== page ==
The 1964 Pontiac GTO has been linked as the main reason people became interested in muscle cars. Some have dubbed it the first muscle car, but as mentioned earlier, that is not the case. It was, however, the first car created by Pontiac that was built around speed, power, and performance. The GTO was a package option available on the hard-top, two-door sedan of the Pontiac Le Mans. This car made it possible for the average person to own a high-performance car that compared to the Ferrari GTO, which was why the car was designed and marketed in the first place.

1966 Oldsmobile 442

A red 1966 Oldsmobile 442 convertible
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Rear and side view of a red 1966 Oldsmobile 442 convertible parked near a field

By the time the middle '60s rolled around, it was apparent to all the car manufacturers, including Oldsmobile, that muscle cars were the trend for the decade. Even though some affordable performance cars were already offered on the market, the engineers at Oldsmobile wanted to go one step above them. That is where the 1966 Oldsmobile 442 came into the picture, bringing the carmaker into the same arena as the top three Detroit car monsters. The design, power, and performance all matched up with the competition, but the sales were not as big as they should have been, bringing the demise to the 442 in 1972. The name lived on until the '80s, but the muscle car version was retired.

Related: 1966-1970 Oldsmobile Toronado

1966 Oldsmobile Toronado

A parked brown 1966 Oldsmobile Toronado
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Front and side view of a brown 1966 Oldsmobile Toronado

Oldsmobile was fast on the way to becoming a well-known car for innovation and technology, along with the idea of an affordable luxury car. The 442 brought the muscle and performance to the table. At the same time, the 1966 Oldsmobile Toronado leaned more into the side of new and improved. The '66 Toronado was the first of its kind in America to come from a factory with a front-wheel drive system. In 1966 the car also received the "Car of the Year" award from Motor Trend, increasing the popularity of the car and the brand, all in one shot.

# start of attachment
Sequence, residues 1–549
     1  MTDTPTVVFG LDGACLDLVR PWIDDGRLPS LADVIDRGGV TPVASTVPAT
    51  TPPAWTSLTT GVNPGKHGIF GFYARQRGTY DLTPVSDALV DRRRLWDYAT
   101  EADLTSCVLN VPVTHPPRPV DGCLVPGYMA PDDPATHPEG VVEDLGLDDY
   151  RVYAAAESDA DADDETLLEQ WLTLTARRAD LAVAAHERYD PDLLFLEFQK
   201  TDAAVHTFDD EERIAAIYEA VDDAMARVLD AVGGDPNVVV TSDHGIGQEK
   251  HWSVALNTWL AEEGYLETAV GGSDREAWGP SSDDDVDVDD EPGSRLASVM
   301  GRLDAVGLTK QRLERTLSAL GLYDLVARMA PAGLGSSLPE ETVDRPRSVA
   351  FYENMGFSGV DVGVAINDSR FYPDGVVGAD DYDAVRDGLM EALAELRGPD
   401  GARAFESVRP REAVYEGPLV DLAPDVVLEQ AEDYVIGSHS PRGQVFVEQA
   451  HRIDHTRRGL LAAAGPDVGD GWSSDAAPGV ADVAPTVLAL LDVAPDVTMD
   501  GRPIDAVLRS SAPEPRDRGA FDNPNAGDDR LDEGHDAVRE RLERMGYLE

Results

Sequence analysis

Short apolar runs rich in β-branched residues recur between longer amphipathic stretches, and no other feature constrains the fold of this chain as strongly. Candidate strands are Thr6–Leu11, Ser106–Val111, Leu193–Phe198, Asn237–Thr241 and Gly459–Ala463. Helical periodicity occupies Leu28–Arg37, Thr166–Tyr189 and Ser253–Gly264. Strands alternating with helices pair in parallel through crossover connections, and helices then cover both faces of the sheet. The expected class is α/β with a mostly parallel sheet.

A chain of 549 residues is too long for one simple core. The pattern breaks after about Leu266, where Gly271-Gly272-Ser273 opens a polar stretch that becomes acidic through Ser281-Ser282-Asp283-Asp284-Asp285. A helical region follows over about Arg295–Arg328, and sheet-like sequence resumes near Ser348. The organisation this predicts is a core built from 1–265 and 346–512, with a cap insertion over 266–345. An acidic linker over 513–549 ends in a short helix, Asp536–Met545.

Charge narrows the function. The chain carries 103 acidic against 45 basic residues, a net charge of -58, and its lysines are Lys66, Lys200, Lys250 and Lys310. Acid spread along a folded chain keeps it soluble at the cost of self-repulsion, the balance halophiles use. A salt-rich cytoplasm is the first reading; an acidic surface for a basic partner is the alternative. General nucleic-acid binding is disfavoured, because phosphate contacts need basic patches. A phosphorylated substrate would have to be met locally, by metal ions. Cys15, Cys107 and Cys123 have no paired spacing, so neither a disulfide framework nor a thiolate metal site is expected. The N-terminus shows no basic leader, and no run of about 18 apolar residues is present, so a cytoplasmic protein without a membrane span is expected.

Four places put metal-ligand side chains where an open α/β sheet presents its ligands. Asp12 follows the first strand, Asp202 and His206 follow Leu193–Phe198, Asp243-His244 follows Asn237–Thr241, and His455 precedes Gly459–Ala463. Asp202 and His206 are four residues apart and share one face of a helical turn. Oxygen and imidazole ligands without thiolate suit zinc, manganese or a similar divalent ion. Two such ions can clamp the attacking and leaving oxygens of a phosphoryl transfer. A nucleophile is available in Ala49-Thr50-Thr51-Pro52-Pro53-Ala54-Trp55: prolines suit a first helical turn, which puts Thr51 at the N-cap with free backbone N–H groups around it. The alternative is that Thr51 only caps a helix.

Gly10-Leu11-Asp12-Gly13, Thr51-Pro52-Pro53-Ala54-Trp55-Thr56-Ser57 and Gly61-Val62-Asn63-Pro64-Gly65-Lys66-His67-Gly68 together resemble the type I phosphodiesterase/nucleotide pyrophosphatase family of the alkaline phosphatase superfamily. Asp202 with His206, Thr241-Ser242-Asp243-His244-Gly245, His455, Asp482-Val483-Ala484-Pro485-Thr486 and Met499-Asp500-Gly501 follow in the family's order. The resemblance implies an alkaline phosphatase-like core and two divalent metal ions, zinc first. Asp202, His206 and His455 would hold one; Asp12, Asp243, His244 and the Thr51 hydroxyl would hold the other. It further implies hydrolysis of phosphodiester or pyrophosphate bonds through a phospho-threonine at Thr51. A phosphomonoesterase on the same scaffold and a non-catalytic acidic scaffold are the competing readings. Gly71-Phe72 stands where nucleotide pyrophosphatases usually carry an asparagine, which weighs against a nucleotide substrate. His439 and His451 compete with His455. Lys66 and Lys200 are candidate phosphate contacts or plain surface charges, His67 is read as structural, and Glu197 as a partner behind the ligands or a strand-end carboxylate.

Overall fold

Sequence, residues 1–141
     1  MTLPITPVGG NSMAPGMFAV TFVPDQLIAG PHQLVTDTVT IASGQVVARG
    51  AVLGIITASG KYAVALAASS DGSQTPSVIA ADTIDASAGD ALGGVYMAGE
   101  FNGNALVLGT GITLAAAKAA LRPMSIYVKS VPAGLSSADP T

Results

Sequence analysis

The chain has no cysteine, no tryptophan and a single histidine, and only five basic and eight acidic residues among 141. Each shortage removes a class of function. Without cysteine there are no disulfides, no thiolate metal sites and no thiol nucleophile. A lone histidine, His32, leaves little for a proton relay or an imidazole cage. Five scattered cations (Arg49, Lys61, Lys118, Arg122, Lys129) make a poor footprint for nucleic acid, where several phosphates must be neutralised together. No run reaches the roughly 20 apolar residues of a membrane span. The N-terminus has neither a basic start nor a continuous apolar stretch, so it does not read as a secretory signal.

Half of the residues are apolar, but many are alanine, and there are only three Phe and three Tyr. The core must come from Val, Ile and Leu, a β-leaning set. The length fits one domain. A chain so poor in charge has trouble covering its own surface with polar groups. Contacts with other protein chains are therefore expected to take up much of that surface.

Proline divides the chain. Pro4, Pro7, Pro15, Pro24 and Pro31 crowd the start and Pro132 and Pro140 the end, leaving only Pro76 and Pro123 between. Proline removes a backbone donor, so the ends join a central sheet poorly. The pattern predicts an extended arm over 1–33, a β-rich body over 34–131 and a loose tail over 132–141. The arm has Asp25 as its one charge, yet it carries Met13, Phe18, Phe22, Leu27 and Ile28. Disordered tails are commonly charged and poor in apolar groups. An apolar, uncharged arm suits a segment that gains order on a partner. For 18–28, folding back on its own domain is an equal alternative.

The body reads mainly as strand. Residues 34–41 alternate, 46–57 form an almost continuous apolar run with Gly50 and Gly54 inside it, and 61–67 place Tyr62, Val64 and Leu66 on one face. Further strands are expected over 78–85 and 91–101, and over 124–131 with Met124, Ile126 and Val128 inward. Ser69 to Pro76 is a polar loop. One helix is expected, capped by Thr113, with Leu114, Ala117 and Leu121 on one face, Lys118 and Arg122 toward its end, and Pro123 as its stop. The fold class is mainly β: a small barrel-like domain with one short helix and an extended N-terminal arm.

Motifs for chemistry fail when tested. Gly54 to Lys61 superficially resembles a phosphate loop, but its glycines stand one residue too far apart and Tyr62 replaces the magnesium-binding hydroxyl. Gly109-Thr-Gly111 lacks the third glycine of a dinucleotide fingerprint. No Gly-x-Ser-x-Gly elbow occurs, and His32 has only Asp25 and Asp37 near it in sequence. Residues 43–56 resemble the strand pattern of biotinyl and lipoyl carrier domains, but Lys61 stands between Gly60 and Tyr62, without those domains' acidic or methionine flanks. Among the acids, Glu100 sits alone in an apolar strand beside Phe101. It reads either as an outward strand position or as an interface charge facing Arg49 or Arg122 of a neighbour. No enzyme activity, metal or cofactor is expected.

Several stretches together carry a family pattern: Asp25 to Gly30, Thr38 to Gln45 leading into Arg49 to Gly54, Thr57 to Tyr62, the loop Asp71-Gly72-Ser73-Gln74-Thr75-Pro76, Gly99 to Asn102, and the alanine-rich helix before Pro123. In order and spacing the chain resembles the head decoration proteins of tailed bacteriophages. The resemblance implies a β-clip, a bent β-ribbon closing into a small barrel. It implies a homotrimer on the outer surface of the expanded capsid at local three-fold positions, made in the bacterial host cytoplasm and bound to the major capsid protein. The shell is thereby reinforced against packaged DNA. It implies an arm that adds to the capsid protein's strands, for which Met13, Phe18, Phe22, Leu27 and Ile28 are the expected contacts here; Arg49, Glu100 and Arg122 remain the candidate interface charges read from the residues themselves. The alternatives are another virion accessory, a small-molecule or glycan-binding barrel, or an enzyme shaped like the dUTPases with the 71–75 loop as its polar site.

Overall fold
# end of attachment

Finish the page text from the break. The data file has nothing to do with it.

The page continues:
1969 Chevy Camaro

A blue 1969 Chevy Camaro ZL1
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Front and side view of a blue 1969 Chevrolet Camaro ZL1

The Camaro is perhaps one of the most well-known muscle cars of all time. The 1969 Chevy Camaro made its way into the limelight not because of the basic car that could be purchased, but rather because of the ZL-1 model designed for racing. It had an aluminum 427 block that could push around 430 horses and pound out 450 lb-ft torque. It was a beast to be reckoned with, creating a substantial public following for the Camaro, which is why it is still such a popular muscle car today.


Q: What Was The First Muscle Car?

This question will cause a sure-fire debate to erupt because experts in the field have dubbed various cars as the first. The first American muscle car was built in 1949 when Oldsmobile produced the Rocket 88. It has been credited as the first-ever, even before the Pontiac GTO that many feel was the first.